Claire Cook is meticulously planning her escape. Married to a powerfully ambitious, physically and emotionally abusive man, she has been plotting for months to flee the suffocating, dangerous nightmare of her life. Then unexpectedly, Claire’s careful plan is derailed by her husband, and she finds herself cornered, her back against a wall.
Until a chance encounter at an airport introduces Claire to Eva James, who is just as desperate as Claire to escape her own dark personal situation. A spur of the moment decision results in the two women trading airplane tickets, and they part ways, each taking the other’s name and flight, hoping to begin new chapters in their lives.
After reading a few not so great thrillers this year, my overall interest in and excitement for the genre have recently waned. Many are just poorly written. They are often riddled with plot holes and illogical decisions, requiring the reader to suspend all belief for the story to even work.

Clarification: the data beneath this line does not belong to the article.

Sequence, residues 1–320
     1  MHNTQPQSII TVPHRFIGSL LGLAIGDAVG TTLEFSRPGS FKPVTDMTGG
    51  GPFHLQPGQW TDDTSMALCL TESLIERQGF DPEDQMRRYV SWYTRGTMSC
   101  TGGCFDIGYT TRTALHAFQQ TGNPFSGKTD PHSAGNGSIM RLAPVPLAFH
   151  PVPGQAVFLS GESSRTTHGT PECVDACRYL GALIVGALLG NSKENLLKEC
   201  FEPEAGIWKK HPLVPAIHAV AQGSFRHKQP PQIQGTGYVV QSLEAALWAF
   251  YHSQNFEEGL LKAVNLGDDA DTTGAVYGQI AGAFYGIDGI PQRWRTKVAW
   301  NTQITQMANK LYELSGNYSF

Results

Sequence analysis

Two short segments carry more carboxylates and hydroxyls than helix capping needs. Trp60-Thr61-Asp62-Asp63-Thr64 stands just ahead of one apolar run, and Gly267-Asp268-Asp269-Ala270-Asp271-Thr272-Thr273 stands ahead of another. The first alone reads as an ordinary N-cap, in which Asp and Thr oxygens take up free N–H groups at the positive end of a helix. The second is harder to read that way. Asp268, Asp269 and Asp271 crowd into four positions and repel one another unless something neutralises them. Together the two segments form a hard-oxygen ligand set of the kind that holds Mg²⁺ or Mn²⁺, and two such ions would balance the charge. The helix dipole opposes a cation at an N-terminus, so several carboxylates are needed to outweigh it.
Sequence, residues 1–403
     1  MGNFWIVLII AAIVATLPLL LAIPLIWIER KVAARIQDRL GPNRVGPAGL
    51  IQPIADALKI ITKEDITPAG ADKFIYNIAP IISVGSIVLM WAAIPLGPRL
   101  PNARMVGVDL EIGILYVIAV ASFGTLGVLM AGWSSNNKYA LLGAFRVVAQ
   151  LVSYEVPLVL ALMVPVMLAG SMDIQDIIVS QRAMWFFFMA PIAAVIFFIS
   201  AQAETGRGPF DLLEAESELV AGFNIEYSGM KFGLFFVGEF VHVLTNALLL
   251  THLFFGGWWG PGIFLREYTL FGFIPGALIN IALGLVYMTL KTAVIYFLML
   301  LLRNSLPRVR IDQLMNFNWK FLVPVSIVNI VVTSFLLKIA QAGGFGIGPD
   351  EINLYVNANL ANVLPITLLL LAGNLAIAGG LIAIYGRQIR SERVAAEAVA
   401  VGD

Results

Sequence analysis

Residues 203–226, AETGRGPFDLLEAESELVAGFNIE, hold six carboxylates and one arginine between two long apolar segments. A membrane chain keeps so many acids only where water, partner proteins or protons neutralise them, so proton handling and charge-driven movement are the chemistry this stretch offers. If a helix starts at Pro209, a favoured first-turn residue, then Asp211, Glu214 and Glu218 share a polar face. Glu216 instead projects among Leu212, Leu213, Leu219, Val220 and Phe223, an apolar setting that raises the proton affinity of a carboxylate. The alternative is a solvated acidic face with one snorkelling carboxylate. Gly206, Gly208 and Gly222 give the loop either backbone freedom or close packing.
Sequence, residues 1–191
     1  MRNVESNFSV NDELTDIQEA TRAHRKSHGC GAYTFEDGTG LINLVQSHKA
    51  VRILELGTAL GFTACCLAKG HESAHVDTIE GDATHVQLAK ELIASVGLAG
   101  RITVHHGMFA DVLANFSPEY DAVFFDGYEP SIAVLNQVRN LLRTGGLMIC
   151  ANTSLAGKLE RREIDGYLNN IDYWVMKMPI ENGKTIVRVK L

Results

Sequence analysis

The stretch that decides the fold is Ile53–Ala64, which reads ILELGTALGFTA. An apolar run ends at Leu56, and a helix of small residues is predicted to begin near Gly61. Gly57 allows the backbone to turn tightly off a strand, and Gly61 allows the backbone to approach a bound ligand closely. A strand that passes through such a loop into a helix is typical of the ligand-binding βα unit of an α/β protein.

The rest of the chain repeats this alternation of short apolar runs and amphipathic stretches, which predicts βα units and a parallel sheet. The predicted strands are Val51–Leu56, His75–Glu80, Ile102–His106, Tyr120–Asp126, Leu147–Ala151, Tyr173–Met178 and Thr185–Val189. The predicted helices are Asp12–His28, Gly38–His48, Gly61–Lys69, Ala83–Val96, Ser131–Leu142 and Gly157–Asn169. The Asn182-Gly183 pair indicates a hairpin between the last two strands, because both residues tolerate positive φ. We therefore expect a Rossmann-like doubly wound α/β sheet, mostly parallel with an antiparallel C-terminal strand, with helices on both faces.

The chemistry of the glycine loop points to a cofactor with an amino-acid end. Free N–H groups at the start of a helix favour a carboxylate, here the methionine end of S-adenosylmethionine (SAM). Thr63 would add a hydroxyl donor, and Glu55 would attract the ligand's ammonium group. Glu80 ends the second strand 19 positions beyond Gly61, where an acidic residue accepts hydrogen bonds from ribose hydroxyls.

The Last Flight, however, is refreshingly different. More of a literary and character-driven thriller, it is clever, beautifully written, tightly plotted, and (mostly) engrossing. The narrative intelligently twists and turns in various directions, and the second half of the novel is almost unputdownable.
But did you catch my almost? And my two (mostly)s?
The novel suffers from a bit of a pacing and tension problem. The opening is intriguing, and the lead up to Claire and Eva’s identity switch is taut and suspenseful. But then, the main story comes to a grinding halt – for a very, very long time. All sense of urgency, all tension is lost. The plot stalls, and the reader is left treading water, waiting patiently for the narrative to quicken its pace once again.
The overarching story is told through the points of view of both Claire and Eva, with Claire’s narrative occurring in the present day and Eva’s narrative occurring in the past. The trouble is that Clark fails to write an evenly paced, exciting enough present-day story for Claire to adequately balance the lengthy, detailed, not as interesting backstory of Eva. For too long, the narrative is bogged down with Eva’s history, while Claire’s story is paused, desperately in need of forward movement.